• Keeping records of your submissions, assignments, income, and expenses like you would with any other business.

The Bonus of a Writing Business

Once you pass the ‘writing as a business’ test, you’re entitled to deduct all ordinary, necessary, and reasonable expenses related to trying to make a profit in your business. According to IRS regulations, those expenses are the ones that are common, accepted, helpful, and appropriate for your writing business. For most freelancers, those expenses would include:

  • Computer and software purchased and used for your business;
  • Paper, letterhead, pens, printing cartridges, and other offices supplies; Postage and mailing expenses (and these can add up fast!);
  • Telephone expenses including long-distance charges (while you can’t deduct your primary phone line, a second one used solely for business is deductible); Travel and entertainment related to your business, such as lunch with an editor or trip to attend a writing conference (note that you can only deduct half of your meals); and
  • Writing-related classes and events.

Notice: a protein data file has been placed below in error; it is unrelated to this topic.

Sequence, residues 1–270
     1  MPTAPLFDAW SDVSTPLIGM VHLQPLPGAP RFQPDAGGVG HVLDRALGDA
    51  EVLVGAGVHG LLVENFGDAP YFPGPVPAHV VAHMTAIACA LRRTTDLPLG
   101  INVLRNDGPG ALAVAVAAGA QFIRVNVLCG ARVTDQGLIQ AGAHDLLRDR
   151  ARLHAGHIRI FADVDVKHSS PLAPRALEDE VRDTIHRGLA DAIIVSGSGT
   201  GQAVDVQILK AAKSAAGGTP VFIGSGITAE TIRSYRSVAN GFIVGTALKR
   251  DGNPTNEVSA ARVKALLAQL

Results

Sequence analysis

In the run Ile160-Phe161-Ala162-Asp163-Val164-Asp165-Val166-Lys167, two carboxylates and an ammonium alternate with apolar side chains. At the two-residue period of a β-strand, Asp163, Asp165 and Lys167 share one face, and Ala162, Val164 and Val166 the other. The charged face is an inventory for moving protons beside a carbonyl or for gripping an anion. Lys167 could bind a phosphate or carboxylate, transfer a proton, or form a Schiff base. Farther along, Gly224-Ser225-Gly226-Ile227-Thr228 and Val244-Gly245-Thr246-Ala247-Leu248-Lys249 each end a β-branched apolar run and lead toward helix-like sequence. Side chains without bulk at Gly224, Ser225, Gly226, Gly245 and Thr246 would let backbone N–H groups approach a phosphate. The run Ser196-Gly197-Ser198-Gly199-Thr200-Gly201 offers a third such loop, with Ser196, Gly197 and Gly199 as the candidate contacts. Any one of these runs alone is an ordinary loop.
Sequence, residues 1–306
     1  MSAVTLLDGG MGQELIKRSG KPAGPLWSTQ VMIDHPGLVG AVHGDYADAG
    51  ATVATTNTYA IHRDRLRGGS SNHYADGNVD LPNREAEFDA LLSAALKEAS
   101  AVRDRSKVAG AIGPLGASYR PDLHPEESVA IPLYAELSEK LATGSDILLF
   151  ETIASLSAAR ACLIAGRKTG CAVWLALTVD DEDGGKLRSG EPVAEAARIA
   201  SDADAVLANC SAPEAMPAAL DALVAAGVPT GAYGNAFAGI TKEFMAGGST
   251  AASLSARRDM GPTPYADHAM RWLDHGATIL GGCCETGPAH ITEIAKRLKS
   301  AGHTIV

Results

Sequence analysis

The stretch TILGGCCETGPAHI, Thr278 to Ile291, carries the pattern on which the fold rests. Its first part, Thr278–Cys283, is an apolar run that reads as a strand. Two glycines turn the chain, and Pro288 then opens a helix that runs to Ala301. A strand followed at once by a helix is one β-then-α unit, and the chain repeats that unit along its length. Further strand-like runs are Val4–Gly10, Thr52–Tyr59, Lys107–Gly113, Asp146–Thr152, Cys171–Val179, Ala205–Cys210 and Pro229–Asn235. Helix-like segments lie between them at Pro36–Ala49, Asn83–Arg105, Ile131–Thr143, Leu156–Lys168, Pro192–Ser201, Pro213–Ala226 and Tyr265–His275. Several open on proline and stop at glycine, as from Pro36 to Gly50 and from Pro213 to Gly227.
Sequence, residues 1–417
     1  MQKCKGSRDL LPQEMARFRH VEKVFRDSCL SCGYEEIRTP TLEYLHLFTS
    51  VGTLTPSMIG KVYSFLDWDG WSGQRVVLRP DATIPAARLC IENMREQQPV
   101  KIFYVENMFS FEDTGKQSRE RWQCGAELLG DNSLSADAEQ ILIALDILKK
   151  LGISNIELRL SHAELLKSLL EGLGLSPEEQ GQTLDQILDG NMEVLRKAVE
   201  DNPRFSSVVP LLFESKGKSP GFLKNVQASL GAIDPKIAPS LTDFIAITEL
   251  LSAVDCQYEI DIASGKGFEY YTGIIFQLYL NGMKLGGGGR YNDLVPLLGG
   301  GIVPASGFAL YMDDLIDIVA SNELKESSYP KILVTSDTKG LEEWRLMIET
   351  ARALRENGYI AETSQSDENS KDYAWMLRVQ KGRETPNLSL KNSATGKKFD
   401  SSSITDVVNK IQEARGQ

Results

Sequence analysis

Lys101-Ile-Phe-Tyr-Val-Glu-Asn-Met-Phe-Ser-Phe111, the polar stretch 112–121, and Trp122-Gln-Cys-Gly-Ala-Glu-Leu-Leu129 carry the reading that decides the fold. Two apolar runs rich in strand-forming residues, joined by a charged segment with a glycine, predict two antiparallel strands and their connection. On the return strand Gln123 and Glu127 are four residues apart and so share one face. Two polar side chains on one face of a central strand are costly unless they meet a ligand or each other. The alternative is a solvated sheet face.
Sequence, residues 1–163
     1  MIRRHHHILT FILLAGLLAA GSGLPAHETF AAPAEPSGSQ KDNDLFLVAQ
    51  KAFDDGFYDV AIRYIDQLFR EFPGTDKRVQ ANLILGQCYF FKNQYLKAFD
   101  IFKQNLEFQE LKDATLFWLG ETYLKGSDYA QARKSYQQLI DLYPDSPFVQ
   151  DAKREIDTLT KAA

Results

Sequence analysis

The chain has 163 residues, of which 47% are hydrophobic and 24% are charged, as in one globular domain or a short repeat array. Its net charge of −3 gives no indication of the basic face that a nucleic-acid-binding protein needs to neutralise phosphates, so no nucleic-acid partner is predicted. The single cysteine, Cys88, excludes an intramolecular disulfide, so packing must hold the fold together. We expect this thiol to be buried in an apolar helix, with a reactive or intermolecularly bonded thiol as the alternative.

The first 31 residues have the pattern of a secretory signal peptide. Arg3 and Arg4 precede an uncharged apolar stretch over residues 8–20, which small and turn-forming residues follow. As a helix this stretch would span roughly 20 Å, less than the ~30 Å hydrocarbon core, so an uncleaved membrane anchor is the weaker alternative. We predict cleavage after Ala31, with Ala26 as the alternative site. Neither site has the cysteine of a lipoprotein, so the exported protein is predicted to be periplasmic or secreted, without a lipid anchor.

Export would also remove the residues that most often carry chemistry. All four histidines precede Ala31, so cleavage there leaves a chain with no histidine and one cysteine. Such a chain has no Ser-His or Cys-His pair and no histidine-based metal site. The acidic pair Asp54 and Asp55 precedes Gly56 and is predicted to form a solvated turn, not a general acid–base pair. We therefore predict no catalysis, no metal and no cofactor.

You may also be entitled to a home office deduction if you use a section of your house or apartment solely and exclusively as your place of business, and to deduct the cost of traveling from your home office to other locations for business reasons— such as mailing manuscripts, conducting face-to-face interviews, meeting with clients at their offices, and attending a networking event. With automotive expenses, you can choose between the actual expense method or the more commonly used standard mileage deduction to write off allowable operating costs.

The bottom line is that if you’re writing with the intention to make money, keeping good business records and maintaining expense receipts can support your ‘profit motive’ position and reduce your tax liability. As a smart, savvy writer, you want to make as much money as possible—but pay as little tax on it as you legally can.

Freelance journalist and speaker Kelly James-Enger is the author of books including Six-Figure Freelancing: The Writer’s Guide to Making More Money (Random House, April, 2005) and Ready, Aim, Specialize! Create Your Own Writing Specialty and Make More Money (The Writer Books, 2003). She can be reached through BodyWise Consulting.

Record-keeping for Your Sanity

By Jan Weeks

I eased into freelancing while teaching middle school. Back then, record-keeping for tracking expenses and income was easy. I just added my meager writing pay to my form 1040 and filed it with my W2 from my regular job. Then I started submitting and selling more, and suddenly all those scraps of paper with mileage and expenses written on them that piled up on my desk from January through December took on a demonic life of their own, and my accountant advised me that I was cheating myself out of legitimate deductions because of poor record-keeping.